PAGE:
At first data centers promised new jobs even though county planners who reviewed the drawings noticed that a 500,000-square-foot building had fewer than 20 parking spaces. But buildings pay property taxes at a higher rate than farm-to-woodland, so promising jobs was something of a McGuffin for the developer – usually some offshoot of Amazon, or is it Cooper? A few changes in the design of the internal electronics meant that these massive warehouses no longer needed costly air conditioning to cool the “rack spaces.” New electronics are designed to operate at 120F instead of 80F, and since the weather has not topped 100F for a couple of years now, cooling involves massive air fans blasting the excess heat from the rooftops. Of course, wild suburban air is dusty and dirty and full of wildlife like insects and birds, so huge banks of filters are used to keep all those natural pollutants from soiling your memories. Each center has a crew of Mexicans, Aztecs, and campesinos changing filters 24 hours a day 365 days a year at least not while they’re not in court for either drunken driving or incest charges. And most frequently these buildings feature a muzz security guard. What? Did you really expect snivelized folks addicted to working from home to commute and do monotonous robotnik for $20 an hour? We need mental health days for a good reason – we’re officially soft and sliding down the helter-skelter that is Deuteronomy chapter 28.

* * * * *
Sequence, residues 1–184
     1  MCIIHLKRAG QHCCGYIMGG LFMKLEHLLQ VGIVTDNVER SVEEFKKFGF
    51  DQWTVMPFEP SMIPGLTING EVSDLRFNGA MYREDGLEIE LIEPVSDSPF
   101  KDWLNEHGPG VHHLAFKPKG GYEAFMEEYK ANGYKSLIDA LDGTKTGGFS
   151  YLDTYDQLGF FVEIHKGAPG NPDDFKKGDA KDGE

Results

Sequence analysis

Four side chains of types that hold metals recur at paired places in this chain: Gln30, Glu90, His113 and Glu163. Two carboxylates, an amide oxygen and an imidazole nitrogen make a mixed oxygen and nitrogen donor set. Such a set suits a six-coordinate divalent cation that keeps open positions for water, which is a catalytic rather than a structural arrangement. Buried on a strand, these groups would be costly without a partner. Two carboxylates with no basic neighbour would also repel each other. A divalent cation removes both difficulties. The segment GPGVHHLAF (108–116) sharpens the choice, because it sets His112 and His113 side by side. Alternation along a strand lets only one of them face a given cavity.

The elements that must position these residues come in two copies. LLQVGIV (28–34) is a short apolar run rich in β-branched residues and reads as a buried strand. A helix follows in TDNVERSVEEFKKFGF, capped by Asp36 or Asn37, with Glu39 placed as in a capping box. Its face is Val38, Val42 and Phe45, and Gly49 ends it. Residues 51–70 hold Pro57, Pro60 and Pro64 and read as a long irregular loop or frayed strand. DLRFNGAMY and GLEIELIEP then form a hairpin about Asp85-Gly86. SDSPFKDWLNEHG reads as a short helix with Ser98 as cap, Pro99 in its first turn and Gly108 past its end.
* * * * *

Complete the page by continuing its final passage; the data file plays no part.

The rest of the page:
So, as Rachel Maddow once said, this is our life now. What do we do to improve it? I suggest growing at least some of your own food. After all, we English are rather keen on gardening. The Nortons are getting into bud break, the daffodils should last another three weeks, the grape hyacinth are propagating a sea of blue, and my blackberry hedge will keep deer at bay, and the nets will frustrate the birds. Toads are peeping and eating flies, and the copperheads will eat them in due course. With several 80lb bags of Sakrete I can build a 30-year retaining wall and with several truckloads of dump mulch and compost, I can level off 500 square feet of flat ground for taters, maters, turnips, cabbages, carrots, and whatever else I can coax the earth. No melons this year though, they are too thirsty. Maybe I’ll solve that situation by taking advantage of a rather high water table and drive a well down 20’ or so. Water will be your friend.
The good news is that the Earth’s magnetic field is weakening, so in time all those data-mined 1s and 0s will become unreadable. With judicious neglect in 20 years the concrete boxes will all be invaded by poison ivy, greenbrier, kudzu, mice and screech owls. With any luck they’ll become the Mayan temples of the future over which clever archaeologists will marvel and try to decode their mysteries.
I’ll keep you posted.
© Reader Stephen 2023